More On Legal & Compliancefrom The Advisor's Professional Library
- Dealings With Qualified Clients and Accredited Investors Depending upon an RIAs business model and investment strategies, it may be important to identify “qualified clients” and “accredited investors.” The Dodd-Frank Act authorized the SEC to change which clients are defined by those terms.
- Suitability and Fiduciary Duty Recommending suitable investments is more than just a regulatory obligation. Many investors bring cases claiming lack of suitability, so RIAs must continuously put the onus on clients to notify the advisor of changes in their financial situation.
Debate over new regulations for the money market fund industry continues to rage, with a proposal from the SEC expected late in March.
High-profile opinion pieces recently from Sallie Krawcheck, among others, have warned of the risk associated with the underlying investments in this supposed “safe” asset class. And fallout continues from the Reserve Primary Money Market Fund “breaking the buck" in 2008, adding to worries it could happen again.
The latest dust-up, first reported by The Wall Street Journal on Wednesday, is the refusal by Mary Schapiro (or any senior executive at the Securities and Exchange Commission) to attend a major money market industry conference in Orlando, Fla., next week, further fueling speculation that the coming proposal will be sweeping and severe.
Organizers of the 14th annual Money Market Expo, hosted by iMoney Net, the industry research firm, have announced that Paul Schott Stevens, president of the Investment Company Institute; Deborah Cunningham, an executive vice president and senior portfolio manager at Federated Investors, and; Michael Morin, a portfolio manager at Fidelity Investments will be featured speakers. All are expected to strongly oppose the new proposal, which will be center of discussion in Orlando.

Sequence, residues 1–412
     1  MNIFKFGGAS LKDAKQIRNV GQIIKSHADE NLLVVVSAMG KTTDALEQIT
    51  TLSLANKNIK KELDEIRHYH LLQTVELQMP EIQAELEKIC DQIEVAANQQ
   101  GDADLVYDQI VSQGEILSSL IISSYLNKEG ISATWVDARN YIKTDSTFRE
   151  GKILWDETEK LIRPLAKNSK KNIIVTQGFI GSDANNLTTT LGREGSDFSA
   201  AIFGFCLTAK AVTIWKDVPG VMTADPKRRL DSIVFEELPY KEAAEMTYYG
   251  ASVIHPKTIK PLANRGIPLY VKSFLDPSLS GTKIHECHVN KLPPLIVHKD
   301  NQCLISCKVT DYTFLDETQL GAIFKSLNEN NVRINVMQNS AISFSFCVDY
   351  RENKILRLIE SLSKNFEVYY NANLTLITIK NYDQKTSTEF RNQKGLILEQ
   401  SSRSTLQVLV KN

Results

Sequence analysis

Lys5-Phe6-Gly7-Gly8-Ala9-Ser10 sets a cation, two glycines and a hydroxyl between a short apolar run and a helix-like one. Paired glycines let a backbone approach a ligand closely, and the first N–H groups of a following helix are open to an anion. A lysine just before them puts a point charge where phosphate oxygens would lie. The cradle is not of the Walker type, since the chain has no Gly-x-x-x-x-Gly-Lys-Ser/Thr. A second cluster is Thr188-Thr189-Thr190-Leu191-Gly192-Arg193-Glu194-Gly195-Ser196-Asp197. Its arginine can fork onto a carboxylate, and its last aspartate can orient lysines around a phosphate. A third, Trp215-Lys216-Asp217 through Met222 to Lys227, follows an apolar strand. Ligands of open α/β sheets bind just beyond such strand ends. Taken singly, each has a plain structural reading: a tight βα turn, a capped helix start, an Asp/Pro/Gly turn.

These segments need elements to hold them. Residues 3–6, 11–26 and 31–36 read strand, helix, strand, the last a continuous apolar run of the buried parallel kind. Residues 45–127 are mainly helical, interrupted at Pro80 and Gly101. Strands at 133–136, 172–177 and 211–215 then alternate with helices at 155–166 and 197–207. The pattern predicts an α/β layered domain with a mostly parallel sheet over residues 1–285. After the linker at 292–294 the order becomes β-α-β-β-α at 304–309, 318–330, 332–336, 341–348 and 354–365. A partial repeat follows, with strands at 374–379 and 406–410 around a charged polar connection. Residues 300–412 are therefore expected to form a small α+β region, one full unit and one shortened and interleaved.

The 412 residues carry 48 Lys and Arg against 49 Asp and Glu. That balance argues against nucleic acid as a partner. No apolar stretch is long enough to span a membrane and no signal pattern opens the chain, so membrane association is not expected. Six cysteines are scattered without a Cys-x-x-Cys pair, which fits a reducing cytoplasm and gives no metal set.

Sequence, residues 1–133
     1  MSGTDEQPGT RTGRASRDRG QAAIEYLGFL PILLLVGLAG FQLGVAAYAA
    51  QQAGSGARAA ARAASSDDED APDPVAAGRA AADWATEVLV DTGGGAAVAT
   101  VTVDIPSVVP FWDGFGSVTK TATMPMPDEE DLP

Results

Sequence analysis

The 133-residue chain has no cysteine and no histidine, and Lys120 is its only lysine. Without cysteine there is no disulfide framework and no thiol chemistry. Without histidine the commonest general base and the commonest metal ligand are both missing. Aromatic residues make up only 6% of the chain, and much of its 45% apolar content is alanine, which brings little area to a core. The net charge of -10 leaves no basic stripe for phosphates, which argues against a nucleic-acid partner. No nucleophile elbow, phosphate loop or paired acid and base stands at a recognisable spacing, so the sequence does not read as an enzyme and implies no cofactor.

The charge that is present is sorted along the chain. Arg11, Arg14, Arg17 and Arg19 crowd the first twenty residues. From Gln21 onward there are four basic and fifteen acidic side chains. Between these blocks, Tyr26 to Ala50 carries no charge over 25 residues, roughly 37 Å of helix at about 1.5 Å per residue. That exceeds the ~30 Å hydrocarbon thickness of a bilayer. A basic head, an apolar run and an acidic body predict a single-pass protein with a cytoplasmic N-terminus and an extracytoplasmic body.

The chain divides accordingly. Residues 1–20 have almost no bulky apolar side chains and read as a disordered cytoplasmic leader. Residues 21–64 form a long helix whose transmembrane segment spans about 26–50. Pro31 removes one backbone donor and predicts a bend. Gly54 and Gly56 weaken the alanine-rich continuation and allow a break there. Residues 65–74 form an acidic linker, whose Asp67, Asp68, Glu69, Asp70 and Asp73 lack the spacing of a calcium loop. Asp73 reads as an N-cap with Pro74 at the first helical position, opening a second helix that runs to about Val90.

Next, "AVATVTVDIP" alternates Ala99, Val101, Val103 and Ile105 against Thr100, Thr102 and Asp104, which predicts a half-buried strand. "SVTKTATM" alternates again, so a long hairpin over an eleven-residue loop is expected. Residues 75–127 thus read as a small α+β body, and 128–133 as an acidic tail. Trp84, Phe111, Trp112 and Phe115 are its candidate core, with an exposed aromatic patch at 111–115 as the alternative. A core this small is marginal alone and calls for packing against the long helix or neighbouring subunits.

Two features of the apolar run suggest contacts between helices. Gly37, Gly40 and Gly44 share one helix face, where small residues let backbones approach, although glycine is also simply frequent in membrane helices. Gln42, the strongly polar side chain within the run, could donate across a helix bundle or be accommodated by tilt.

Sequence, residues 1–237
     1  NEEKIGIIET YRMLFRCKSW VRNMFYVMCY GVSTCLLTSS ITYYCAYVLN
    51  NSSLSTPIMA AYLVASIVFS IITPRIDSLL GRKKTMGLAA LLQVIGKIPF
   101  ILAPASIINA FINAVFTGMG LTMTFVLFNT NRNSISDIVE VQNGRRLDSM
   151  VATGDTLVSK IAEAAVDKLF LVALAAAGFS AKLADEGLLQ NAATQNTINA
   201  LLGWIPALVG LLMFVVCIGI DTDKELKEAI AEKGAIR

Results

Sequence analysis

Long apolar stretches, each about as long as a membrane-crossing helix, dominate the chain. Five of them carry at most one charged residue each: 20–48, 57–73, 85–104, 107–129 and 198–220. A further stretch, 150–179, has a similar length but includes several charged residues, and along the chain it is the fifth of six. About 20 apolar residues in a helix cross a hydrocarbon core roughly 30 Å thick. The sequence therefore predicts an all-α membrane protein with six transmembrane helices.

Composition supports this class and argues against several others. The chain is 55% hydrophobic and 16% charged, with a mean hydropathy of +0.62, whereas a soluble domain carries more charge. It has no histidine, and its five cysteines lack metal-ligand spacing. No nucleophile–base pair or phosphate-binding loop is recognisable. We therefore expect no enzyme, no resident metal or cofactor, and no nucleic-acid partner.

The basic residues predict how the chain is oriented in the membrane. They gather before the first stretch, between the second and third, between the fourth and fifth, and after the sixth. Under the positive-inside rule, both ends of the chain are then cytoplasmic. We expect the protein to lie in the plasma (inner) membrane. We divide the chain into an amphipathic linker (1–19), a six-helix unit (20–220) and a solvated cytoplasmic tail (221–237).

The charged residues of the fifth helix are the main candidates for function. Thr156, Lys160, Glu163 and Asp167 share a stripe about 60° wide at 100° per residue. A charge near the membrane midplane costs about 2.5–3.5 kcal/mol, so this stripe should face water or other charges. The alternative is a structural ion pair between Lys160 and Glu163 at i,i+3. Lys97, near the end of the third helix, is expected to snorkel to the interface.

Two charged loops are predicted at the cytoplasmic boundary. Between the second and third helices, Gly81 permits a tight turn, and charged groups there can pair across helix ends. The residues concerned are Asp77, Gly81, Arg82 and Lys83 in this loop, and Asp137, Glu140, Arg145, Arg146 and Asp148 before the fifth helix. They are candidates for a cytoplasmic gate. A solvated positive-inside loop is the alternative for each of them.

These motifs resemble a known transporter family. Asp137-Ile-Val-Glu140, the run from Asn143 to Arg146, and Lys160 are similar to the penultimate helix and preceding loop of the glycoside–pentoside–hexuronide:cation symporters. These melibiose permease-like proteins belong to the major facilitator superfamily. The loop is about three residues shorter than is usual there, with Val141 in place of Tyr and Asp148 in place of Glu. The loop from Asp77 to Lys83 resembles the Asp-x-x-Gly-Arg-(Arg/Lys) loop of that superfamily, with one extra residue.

In the interest of balance, the Expo had hoped regulators would agree to speak, but the SEC refused, citing scheduling conflicts for all of its top officials.
SEC Chairman Mary Schapiro has been previously quoted by the Journal as saying "the taxpayer simply can't be on the hook for failure, and the tools to ameliorate a run that existed in 2008 when Reserve broke the buck don't exist anymore."
In early February, the Investment Company Institute released a statement from Stevens in which he said the proposed new regulations could cause “enormous” harm to investors and the economy.
Fidelity Investments, the largest manager of money market assets, has sent a report to the SEC urging a retreat from the changes, and Federated Investors’ president and CEO J. Christopher Donohue is quoted in The Wall Street Journal saying of the SEC proposal: "The generosity of giving you the choice of which way to die is really not much of a choice.”
ICI’s Stevens spelled out the regulatory “hat trick,” as he called it, of changes he said would “harm investors, damage financing for businesses and state and local governments, and jeopardize a still-fragile economic recovery.”
Moving to a floating NAV and preventing investors from withdrawing all their assets at once–the proposal calls for a wait of 30 days before investors could redeem the final 5% of their funds–would diminish money market funds’ utility as cash management tools, he said.
“Compliance with redemption freezes will impose hundreds of millions of dollars in added costs on investors, funds, and financial intermediaries and impair features–like check writing, debit-card access, and sweep accounts–that investors demand,” he added. And he said the imposition of bank-like capital requirements, in combination with the other changes, would impose costs that will drive fund sponsors out of the industry, reducing competition.